"Don’t do it!" I urged her, certain, having watched my friends over the years, that no matter how casually she or her husband might treat the piece of paper that says they are married, getting unhitched would inevitably change their relationship as profoundly as getting hitched in the first place.
But with the arrival of the Affordable Care Act’s insurance exchanges, the question for Nona and her husband Aaron Cassara moved from the realm of casual conversation to a real financial conundrum. Aged 29 and 32, respectively, they were facing tough times for their professions, a wildly expensive city, and the scary prospect that both of them could shortly be uninsured. Right now Nona only has a COBRA plan—”which I can barely afford”—that ends January 1, she tells me. Her last staff job ended when the media outlet she was working for laid off its whole editorial team; she’s been a full-time freelancer since. Aaron, a filmmaker who works part-time and also freelances, has been uninsured since her layoff, because it would be too expensive to have him on COBRA too.
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This video of kids watching same-sex marriage proposals has already been viewed 2 million times in the 48 hours since its publication. What does that say?
Earlier today, my colleague Derek Thompson argued that, occasional trend to stories aside, it’s misleading to the think of marriage as a “luxury good.” Why? Because luxury goods are something the rich buy and the poor can’t afford. But in the case of marriage the trend is more complex. The vast majority of Americans tie the knot at some point at some point in their lives, he argues. It’s just that those without a college education are far, far more likely to get divorced. Marriage is for everyone; failed marriages are for the poor.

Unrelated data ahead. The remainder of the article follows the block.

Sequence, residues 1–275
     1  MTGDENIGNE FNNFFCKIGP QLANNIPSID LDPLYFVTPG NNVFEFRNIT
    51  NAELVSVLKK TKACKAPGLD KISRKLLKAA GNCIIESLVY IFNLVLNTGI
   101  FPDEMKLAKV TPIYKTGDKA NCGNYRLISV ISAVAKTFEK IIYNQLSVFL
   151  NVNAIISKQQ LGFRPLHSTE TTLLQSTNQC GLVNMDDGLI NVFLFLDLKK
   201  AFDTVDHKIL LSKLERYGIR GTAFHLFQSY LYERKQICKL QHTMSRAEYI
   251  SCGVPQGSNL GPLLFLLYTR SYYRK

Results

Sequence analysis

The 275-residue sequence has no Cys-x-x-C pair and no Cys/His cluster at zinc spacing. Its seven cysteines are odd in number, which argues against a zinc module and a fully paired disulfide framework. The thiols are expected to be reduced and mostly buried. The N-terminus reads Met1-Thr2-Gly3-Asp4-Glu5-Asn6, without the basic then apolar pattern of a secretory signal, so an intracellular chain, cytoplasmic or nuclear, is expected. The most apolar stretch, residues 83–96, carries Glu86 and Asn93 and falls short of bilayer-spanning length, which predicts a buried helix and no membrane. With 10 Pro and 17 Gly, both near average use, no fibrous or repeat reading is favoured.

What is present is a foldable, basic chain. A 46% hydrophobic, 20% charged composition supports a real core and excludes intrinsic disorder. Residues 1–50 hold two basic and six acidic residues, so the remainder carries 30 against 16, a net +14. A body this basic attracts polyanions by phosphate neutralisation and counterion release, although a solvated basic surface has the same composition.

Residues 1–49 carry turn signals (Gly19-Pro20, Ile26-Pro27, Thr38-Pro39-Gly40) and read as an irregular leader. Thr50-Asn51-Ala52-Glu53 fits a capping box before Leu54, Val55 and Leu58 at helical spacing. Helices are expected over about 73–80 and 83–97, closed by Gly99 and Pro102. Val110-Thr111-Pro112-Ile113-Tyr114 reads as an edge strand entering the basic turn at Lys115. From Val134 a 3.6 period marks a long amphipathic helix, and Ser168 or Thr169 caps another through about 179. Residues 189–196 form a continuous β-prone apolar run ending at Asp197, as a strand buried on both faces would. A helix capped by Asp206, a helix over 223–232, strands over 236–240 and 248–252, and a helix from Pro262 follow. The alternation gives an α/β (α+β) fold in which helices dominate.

Bleak stuff. But it’s getting bleaker.
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For college graduates, marriage is a promise you make late—and tend to keep. For non-college-graduates, it’s a promise you make early—and tend to break.
That is the very simplest I can break down this massive, and massively interesting, survey from the Bureau of Labor Statistics, on marriage trends by education and race. There have been a lot of articles this year comparing marriage to a "luxury good"—something the rich do and the poor avoid. It’s not that simple.
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The United States’ reputation as “the land of opportunity” is a cruel bit of false advertising. Americans are less likely to exceed our parents’ income than our peers in countries like Canada, Denmark, and Sweden. Children born to poor and working-class parents are considerably less likely to reach the highest rungs of the economic ladder than their richer classmates.